Woodchuck mom and baby

Woodschucks: The True Champion of Hibernation

If you really want a champion hibernator you have to look at the Woodchucks, also called Groundhogs. Stan Tekiela tells us all about the Woodchuck and other animals preparing for winter.

Woodchucks

Winter is upon us and many parts of the country are covered in a blanket of snow. The raccoons in my yard have put on so much extra weight they look like post-holiday bandits that ate just a little too much pudding.

Just to be clear, raccoons don’t hibernate. They remain active throughout most of the winter. During the coldest parts of winter in January they will hold up in a sheltered area, like in a hollow log for a couple weeks living off their stored body fat, but they are not hibernating.

Black Bears are always everyone’s classic example of an animal that hibernates. Biologists will quickly point out that bears are not true hibernators. Yes, their heart rate, respirations drop and body core temperatures decreases, but the bear stays completely awake during winter. Male Black Bears tend to be groggier than females but none the less they do wake up and move around in their den. Female Black Bears give birth to their young while hibernating in their den. The females are awake enough to completely care for their new born cubs. Most would agree this is not classic hibernation.

Taking a Break During the Cold Snaps

Stripped Skunks and Virginia Opossum are a lot like Raccoons. They are active for most of the winter taking a break during the cold snaps. It is a lot like you and me when a big snow storm hits. We hunker down and wait it out.

Most critters put on extra weight for both insulation and for energy reserves. Most animals also grow a thick winter coat to help survive the winter. White-tailed Deer grow long tan to gray fur which is much different from their short rusty fur of spring and summer. Based on color they look like different animals.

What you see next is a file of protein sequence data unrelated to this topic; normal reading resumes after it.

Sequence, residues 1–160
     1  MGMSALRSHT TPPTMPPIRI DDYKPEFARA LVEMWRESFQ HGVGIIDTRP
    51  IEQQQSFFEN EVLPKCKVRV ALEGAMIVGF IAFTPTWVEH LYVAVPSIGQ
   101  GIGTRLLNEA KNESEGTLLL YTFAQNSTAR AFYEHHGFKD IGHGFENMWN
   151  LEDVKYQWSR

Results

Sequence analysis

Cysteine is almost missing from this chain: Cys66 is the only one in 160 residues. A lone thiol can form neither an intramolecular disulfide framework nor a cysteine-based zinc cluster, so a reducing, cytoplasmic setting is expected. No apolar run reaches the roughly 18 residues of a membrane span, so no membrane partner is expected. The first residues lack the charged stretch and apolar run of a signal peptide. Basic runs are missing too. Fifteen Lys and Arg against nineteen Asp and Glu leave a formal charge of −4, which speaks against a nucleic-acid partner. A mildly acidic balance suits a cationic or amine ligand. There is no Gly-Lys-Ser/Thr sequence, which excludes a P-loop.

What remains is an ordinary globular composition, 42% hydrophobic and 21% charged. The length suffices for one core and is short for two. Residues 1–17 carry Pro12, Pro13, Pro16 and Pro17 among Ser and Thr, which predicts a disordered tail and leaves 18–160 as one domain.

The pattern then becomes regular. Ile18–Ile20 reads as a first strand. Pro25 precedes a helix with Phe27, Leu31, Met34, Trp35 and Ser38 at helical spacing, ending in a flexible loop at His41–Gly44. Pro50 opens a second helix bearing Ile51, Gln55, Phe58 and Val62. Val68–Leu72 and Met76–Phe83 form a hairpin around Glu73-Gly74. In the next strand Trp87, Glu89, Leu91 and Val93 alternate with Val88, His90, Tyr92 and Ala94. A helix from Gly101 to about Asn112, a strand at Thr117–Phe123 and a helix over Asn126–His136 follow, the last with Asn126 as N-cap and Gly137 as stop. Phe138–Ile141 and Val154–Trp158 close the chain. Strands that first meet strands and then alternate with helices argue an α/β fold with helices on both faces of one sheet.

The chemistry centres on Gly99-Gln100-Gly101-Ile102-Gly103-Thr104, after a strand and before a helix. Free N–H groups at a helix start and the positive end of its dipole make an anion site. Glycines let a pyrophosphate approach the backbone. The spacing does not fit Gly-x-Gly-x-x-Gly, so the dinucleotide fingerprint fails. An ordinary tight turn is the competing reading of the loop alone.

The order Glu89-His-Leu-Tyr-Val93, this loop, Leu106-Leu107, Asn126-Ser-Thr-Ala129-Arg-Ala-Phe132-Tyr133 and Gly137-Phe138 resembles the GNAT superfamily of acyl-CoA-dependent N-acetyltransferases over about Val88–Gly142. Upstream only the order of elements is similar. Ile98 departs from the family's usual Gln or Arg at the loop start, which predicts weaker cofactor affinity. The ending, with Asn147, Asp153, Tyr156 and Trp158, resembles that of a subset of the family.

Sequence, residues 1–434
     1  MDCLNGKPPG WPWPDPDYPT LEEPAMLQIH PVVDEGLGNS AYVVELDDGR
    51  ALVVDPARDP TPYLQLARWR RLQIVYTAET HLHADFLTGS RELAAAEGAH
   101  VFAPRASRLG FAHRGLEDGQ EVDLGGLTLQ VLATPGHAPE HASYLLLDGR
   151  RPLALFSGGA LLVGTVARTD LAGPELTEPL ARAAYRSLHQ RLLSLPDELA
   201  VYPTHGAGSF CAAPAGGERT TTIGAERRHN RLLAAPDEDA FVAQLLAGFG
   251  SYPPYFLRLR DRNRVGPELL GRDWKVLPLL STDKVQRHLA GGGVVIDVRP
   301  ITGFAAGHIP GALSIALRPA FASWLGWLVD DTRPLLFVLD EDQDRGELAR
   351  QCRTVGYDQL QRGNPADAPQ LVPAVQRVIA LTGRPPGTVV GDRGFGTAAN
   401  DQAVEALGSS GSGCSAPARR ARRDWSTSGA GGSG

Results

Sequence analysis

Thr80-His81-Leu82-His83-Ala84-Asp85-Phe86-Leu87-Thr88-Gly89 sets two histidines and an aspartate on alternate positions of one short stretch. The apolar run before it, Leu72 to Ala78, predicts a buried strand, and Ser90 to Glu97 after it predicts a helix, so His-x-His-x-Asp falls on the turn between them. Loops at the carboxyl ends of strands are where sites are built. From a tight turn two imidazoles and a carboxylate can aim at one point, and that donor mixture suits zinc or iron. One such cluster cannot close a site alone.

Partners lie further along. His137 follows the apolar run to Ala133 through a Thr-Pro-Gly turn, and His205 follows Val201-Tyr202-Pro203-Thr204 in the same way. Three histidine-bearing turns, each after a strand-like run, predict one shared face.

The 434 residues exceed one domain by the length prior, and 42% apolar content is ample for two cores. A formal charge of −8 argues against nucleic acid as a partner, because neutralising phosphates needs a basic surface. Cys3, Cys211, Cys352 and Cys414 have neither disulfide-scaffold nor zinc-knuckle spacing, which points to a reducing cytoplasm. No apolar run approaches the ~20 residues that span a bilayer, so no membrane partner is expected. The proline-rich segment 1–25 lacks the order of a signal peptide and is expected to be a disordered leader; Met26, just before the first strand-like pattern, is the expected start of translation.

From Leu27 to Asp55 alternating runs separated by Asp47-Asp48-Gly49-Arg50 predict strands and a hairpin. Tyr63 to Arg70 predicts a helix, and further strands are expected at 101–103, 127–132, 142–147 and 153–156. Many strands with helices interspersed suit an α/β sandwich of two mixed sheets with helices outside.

Birds that don’t migrate grow up to one third more feathers for winter. The average small backyard bird, such as a Chickadee or Goldfinch has about two thousand feathers during summer. During winter they add an addition thousand feathers, most of which are not seen because they are mostly the smaller down feathers that add extra insulation.

Some animals partially hibernate. The familiar and friendly Eastern Chipmunk is a good example of a partial hibernator. During autumn they gather hordes of food which they store in underground chambers. When winter strikes, they hibernate for several weeks at a time. But since their body size is so small, they couldn’t possibly put on enough body fat to make it through the entire winter. They wake up every couple of weeks and feed on their stockpile of food. They need to feed for a couple days to put on enough fat to make it through another couple of weeks of hibernation.

Woodchucks Are True Hibernators

Now if you really want a champion hibernator you would have to look at the Woodchucks, also called Groundhogs. They are one of the few true hibernators. Before winter hits Woodchucks they feed nearly continuously and nearly double their weight. They dig a deep burrow below the frost line which in many parts of the country is at least four feet deep. In northern climates they hibernate from October to March or April.

Woodchuck hibernating taken under controlled conditions in Minnesota

When Woodchucks enter hibernation their body core temperature drops dramatically, and their heart rate drops to four to ten beats per minute. Breathing falls to just one breath every six minutes. Their GI tract is not functioning, and they are not eating, drinking or defecating. They are truly unconscious.

They live exclusively from their body fat. So, if they go into hibernation without enough fat to fuel them the entire winter they will not survive. They will lose as much as half their entire body weight by spring.

So this winter, when someone talks about hibernating during a bad winter storm think about the critters who are actually hibernating, because their lives depend upon it.

If you enjoyed Stan’s post, you may consider one of his amazing nature books: Majestic Eagles; The Lives of Wolves, Coyotes, and Foxes; or Backyard Birds: Welcomed Guests at our Gardens and Feeders. Young readers will delight in his award-winning children’s books, such as Whose Butt?Critter Litter, and his latest,  Jump, Little Wood Ducks.

You can follow Stan on Facebook and Twitteror contact him via his web page. Stan’s nationally syndicated NatureSmart Column appears in more than 25 cities spanning 5 states (Minnesota, Wisconsin, Michigan, Illinois, and Pennsylvania) and is circulated to more than 750,000 readers. Stan’s author page on Amazon features some amazing videos! Check them out, and follow him for updates.

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More posts from Stan:
Indigo Bunting—A Familiar Summer Visitor
The Nesting Behaviors of Sandhill Cranes
Big Birds, Baby Birds, Birds Everywhere
Stan Tekiela observes Marsh Wrens 
The Magical, Mystical World of Sandhill Cranes

Liliane Opsomer
liliane@adventurewithkeen.com
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